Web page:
Se­nior Ab­b­Vie li­ai­son quits job to launch neu­ro start­up, with sights set on ALS

About a year ago, Howard Berman was sit­ting in a wait­ing room at Hous­ton Methodist Hos­pi­tal with his fa­ther, who was show­ing cog­ni­tive loss. They were there to see Joseph Mas­deu, one of the lead­ing neu­rol­o­gists in the area.

Howard Berman

“You know what?” Berman re­calls Mas­deu say­ing. “Why don’t you meet with Dr. Stan Ap­pel, he’s work­ing on some very in­no­v­a­tive work in the field of neu­rode­gen­er­a­tive dis­ease.”

And so last spring, Berman found him­self in a pri­vate meet­ing with Ap­pel, the 86-year-old co-di­rec­tor of Hous­ton Methodist’s Neu­rol­o­gy In­sti­tute, who was don­ning his icon­ic bow tie.

Ap­pel pre­sent­ed on his reg­u­la­to­ry T cell (Treg) re­search — and by the third slide, Berman was hooked. Not long af­ter, he quit his job at Ab­b­Vie and launched Coya Ther­a­peu­tics — named af­ter an is­land off Cos­ta Ri­ca — to de­vel­op Ap­pel’s Treg ap­proach for ALS.

On Wednes­day, Coya un­veiled a $10 mil­lion Se­ries A to ad­vance that pro­gram and build out a pipeline.

“We want to do for ALS what peo­ple did for HIV and AIDS,” Berman said: ex­tend pa­tients’ lives. ALS pa­tients typ­i­cal­ly live an av­er­age of three years af­ter di­ag­no­sis, he added.

Stan­ley Ap­pel

Ap­pel and his team ob­served that many ALS pa­tients have low lev­els of Treg cells, or ones that don’t func­tion prop­er­ly. Im­prov­ing the num­ber and func­tion of the Treg cells, they hy­poth­e­sized, just might slow the pro­gres­sion of dis­ease.

Many com­pa­nies have eyed Treg cell ther­a­pies in the last decade, but the rar­i­ty and plas­tic­i­ty of en­doge­nous Treg cells pose a sig­nif­i­cant chal­lenge.

Coya’s process be­gins with leuka­phere­sis, or draw­ing a pa­tient’s blood and iso­lat­ing the Treg cells. Then sci­en­tists add cer­tain types of agents — like ra­pamycin or IL-2 — de­signed to sta­bi­lize the Tregs and help them grow and func­tion prop­er­ly. Coya then ex­pands the cells, con­vert­ing them from mil­lions to bil­lions of Tregs, which are frozen for fu­ture use.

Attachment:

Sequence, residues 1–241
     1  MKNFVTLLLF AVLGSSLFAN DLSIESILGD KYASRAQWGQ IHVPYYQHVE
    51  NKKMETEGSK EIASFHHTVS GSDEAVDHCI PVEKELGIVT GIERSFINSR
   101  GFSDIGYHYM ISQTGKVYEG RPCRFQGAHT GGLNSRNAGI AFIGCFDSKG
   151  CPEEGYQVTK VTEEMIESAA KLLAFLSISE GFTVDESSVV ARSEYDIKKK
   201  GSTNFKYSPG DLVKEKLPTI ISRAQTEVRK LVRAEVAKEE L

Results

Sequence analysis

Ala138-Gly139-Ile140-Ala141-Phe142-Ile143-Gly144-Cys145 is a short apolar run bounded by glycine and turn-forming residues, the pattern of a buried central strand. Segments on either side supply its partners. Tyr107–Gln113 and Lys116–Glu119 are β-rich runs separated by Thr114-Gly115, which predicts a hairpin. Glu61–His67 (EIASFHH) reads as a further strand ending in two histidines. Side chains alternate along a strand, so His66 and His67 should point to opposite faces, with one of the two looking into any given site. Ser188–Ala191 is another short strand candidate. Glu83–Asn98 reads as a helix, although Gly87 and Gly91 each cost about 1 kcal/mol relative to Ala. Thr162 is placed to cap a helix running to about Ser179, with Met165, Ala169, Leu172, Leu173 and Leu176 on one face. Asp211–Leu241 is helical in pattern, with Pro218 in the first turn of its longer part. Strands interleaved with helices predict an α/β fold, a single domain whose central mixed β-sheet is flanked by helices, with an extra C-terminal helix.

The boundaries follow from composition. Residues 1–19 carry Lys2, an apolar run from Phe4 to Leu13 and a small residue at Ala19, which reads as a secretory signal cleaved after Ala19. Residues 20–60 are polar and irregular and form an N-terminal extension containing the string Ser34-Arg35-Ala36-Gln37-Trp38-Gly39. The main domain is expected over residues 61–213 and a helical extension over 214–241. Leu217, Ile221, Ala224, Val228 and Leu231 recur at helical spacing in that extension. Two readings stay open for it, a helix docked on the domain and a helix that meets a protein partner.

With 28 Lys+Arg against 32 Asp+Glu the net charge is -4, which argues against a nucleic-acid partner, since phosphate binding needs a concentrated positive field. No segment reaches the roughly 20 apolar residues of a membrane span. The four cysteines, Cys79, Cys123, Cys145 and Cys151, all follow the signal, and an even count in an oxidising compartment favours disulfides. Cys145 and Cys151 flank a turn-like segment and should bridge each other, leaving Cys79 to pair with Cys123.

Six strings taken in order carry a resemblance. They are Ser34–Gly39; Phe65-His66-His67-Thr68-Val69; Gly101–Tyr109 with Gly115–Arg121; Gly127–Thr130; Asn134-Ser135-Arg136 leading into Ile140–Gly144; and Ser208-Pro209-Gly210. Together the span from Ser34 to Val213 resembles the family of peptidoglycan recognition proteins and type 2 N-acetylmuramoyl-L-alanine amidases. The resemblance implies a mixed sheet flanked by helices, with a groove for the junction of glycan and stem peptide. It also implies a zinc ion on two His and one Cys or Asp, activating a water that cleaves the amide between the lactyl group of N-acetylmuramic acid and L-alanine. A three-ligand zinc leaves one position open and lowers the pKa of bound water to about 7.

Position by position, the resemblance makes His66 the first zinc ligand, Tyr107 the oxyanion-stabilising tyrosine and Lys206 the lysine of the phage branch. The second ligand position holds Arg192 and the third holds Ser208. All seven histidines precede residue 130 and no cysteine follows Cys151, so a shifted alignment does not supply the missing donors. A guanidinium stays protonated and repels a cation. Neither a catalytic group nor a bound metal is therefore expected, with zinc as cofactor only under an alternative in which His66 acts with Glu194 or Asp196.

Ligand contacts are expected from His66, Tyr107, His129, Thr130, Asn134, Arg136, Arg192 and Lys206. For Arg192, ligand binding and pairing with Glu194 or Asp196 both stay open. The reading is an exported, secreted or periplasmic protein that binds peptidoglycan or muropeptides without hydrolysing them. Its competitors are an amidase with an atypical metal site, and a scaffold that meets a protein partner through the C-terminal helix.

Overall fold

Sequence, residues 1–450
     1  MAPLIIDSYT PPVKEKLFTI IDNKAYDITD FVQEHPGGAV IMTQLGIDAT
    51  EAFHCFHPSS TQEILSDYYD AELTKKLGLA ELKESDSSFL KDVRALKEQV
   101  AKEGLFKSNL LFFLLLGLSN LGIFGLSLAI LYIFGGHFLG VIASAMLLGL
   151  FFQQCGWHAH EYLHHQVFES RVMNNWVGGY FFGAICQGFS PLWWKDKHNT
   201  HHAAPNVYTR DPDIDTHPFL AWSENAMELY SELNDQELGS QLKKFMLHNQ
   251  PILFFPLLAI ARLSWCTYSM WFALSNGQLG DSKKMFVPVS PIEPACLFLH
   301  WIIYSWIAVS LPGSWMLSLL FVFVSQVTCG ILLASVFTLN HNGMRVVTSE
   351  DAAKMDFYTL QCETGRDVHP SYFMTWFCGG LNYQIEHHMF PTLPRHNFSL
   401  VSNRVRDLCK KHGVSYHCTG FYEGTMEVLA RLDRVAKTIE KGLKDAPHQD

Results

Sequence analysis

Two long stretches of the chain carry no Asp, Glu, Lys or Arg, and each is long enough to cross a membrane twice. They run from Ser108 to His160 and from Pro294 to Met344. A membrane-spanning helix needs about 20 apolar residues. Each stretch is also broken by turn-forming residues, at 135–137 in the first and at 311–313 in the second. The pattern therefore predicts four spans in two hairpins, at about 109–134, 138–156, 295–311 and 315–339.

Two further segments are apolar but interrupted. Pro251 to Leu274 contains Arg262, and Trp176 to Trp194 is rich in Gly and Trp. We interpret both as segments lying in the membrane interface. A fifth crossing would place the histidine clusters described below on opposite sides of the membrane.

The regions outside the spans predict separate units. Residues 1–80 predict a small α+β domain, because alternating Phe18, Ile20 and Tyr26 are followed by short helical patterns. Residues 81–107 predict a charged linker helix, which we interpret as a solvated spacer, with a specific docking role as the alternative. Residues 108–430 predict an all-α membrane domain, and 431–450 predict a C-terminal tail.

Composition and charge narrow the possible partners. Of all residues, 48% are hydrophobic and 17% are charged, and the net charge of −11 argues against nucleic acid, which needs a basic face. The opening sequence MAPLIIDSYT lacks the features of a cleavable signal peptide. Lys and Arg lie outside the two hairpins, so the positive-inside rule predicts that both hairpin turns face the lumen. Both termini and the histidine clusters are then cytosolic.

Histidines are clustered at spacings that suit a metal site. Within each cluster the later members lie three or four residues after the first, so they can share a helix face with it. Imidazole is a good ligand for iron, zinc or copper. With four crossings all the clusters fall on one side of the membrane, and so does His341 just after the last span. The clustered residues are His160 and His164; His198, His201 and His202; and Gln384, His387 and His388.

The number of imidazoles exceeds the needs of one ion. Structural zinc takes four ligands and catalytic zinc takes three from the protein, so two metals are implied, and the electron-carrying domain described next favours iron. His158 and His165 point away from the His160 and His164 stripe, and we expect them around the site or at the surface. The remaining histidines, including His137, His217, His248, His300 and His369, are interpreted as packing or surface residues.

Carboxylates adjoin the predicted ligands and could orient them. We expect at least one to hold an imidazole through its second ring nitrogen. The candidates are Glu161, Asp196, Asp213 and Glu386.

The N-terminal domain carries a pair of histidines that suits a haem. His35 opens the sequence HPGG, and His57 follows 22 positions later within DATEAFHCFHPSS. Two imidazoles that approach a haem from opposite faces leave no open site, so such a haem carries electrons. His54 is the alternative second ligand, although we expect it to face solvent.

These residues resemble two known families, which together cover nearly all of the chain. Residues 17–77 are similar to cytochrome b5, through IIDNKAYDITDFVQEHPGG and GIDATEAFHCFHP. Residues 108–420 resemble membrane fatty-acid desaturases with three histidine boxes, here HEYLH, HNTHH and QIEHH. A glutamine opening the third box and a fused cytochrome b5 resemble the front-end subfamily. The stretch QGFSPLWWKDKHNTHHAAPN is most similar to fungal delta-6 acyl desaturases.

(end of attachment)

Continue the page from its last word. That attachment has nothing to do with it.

“What we found out is you can in­fuse the cells, (and) it stops pro­gres­sion for about a month… dur­ing the course of in­fu­sion. But when you stop the in­fu­sions, what hap­pens is the pa­tients start to de­cline again,” Berman said. “It’s not a one-shot deal. You need to be able to give it month­ly,” he added lat­er.

Their longest cry­op­re­served cells have been frozen for a year and a half. And so far, they’re still vi­able, ac­cord­ing to Berman.

Coya has al­ready con­duct­ed a Phase I tri­al, which “suc­cess­ful­ly demon­strat­ed… the safe­ty and tol­er­a­bil­i­ty of au­tol­o­gous in­fu­sions of ex­pand­ed Tregs in ALS pa­tients, with the po­ten­tial of slow­ing or halt­ing dis­ease pro­gres­sion,” Ap­pel said in a state­ment.

An on­go­ing Phase II tri­al with eight pa­tients should pro­duce da­ta this June or Ju­ly, Berman added.

“We will be work­ing with the FDA to de­sign an­oth­er tri­al that will re­al­ly pro­vide, hope­ful­ly, com­pelling da­ta to bring us in­to an ap­proval process,” he said.

The com­pa­ny is al­so go­ing af­ter Parkin­son’s, Alzheimer’s, fron­totem­po­ral de­men­tia and oth­er au­toim­mune dis­eases, as well as non-cell based ex­o­somes and small mol­e­cules.